He does have significant trouble getting enough nutrition in via mouth but will be cleared for dentures at the end of this month and that should help.

We're really glad it went this way so he could be spared the pain and expense of restorative work, periodontal work and root canals further down the road.

Army_Guy's picture
Army_Guy
Posts: 53
Joined: Oct 2010

The biggest danger from radiation to the head and neck is osteoradionecrosis; a fancy term for bacteria killing the jaw bone. My dentist was concerned before I started treatments because I have had periodontal problems in the past (pyorrhea, better known as gum recession) and sent me to some specialists. At first, they all discussed pulling some of my teeth but decided on a good cleaning, perio exam, deep cleaning and root scaling. That was early June. They prescribed fluoride gel and trays and I began using them 2 weeks prior to radiation treatments. I also brushed and flossed after every meal (and will for the rest of my life). I have had no additional gum recession and stuck with this plan throughout treatment (even when my mouth and gums were sore from treatment I used a very soft toothbrush and made it softer by running it under hot water). Had a checkup in October and dentist said things look good. Seeing periodontist on Nov 19th. Just follow their orders as they usually know what they're doing. There is always the option of a second opinion.

I feel blessed and fortunate to be alive.

Stay strong and always use your best judgment when dealing with this problems. My MO is to weigh benefits against risks.

Dave

SamsWife
Posts: 51
Joined: Sep 2007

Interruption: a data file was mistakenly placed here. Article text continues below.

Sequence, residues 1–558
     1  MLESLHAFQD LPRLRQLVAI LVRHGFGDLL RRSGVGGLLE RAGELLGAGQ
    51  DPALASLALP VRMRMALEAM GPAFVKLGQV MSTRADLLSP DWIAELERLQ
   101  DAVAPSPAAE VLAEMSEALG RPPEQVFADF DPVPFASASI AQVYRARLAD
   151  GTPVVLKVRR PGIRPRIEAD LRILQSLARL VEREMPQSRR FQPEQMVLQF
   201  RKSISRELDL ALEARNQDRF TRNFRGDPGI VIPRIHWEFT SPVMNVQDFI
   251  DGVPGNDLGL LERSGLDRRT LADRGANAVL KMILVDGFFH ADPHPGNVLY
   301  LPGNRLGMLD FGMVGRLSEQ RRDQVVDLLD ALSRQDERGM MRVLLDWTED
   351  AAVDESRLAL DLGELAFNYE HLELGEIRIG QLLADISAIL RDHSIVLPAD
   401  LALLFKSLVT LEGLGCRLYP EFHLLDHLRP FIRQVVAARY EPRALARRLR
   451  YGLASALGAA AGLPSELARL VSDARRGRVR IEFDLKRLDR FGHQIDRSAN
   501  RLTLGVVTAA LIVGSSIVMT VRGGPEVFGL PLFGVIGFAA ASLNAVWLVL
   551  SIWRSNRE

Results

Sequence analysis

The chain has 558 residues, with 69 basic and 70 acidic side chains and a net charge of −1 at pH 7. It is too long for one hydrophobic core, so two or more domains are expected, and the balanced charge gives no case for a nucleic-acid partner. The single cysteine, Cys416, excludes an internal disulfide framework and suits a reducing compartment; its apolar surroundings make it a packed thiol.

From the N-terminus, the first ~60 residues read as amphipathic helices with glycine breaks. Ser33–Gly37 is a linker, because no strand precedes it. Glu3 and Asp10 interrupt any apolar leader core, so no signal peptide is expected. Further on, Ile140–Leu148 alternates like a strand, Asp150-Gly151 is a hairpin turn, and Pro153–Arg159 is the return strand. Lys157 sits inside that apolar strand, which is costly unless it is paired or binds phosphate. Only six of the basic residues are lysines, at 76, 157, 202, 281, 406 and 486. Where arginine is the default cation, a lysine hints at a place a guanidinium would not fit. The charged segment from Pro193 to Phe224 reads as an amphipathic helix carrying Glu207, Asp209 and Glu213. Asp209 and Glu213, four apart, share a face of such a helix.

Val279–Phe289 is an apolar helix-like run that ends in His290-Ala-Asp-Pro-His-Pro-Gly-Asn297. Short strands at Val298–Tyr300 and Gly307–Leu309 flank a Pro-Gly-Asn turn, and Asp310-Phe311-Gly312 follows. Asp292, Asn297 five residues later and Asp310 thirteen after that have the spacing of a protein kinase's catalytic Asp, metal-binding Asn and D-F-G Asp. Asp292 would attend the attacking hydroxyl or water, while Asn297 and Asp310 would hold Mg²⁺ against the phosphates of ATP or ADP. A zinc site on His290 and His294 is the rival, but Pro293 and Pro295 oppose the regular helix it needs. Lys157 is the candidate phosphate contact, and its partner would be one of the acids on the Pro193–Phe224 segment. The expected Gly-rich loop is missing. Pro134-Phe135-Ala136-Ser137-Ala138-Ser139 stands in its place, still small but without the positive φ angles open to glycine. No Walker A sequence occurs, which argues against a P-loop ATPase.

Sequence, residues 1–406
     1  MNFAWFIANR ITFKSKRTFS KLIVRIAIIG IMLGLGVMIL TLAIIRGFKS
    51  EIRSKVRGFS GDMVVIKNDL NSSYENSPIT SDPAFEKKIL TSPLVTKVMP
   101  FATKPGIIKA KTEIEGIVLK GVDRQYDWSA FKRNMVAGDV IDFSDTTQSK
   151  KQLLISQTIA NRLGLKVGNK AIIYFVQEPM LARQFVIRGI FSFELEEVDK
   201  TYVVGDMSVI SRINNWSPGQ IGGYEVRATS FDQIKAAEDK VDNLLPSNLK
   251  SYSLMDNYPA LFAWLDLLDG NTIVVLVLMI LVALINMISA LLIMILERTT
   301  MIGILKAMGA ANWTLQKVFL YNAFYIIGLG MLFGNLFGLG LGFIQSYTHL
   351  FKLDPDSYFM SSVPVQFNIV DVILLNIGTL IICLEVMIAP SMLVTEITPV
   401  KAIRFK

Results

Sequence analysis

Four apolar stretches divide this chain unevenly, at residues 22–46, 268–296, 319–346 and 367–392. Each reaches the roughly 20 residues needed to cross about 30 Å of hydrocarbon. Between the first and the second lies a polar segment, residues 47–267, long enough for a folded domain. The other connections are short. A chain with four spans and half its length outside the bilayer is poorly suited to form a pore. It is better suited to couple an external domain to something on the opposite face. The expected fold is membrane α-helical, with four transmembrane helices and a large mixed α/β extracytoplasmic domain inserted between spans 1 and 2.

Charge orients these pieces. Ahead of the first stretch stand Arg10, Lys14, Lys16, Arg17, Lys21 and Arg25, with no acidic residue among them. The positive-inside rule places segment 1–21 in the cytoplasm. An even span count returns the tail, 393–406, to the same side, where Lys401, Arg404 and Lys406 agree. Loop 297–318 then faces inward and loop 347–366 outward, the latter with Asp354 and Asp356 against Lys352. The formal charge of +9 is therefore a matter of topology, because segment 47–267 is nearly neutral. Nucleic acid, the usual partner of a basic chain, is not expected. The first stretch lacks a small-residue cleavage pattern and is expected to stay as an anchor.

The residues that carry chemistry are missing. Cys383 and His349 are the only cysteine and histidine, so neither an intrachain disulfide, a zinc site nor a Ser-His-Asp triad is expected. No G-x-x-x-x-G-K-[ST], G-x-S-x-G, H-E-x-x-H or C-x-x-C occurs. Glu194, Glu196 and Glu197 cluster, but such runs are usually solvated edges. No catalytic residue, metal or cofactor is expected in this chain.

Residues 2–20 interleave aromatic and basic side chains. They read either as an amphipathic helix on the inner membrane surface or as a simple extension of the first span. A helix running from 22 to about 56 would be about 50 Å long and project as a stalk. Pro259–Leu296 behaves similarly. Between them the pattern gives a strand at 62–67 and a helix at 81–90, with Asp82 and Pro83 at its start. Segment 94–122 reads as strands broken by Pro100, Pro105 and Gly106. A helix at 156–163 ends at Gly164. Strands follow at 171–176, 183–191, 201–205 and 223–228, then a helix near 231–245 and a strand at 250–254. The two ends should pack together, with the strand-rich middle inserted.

Thanks so much for all of your responses - they're really helpful. I'm pretty sure they will opt to take his teeth out - that sounds like the right thing in his case. I really hope this discussion board will help to give my friend some hope to fight a good fight. The doc gave him a 50% chance of survival. Do you know of anyone with those odds that are survivors? I'm pretty certain my friend's philosophy in life is live hard til ya die and I'm afraid he's wanting to hang on to that way of thinking. But . . . he has a ten year old son that is quite a motivating force for him - they're buddies. Also, he has a teeny tiny wife and she is quite the fighter! She will most definitely kick him in the butt every step of they way if she has to! Having said that, I gotta say that my heart goes out to him and all of you! My husband passed away last March from colon cancer and I thought that was a bad one (I know all cancer is bad but I think the challenges are harder in some more than others); but, I think that what you all have gone through is hell - I'm so sorry - I've just decided that, very ofen, life is just plain hard - I think it's important to always keep your chin up and do the best you can and truly appreciate the good things that come along but, seriously, life is just full of hard things. Good luck to you all and God bless you! I will check in from time to time and probably have more questions as things go along. I'm hoping my friend or his wife will get on here themselves but, if not, I'll continue to be a connection for them.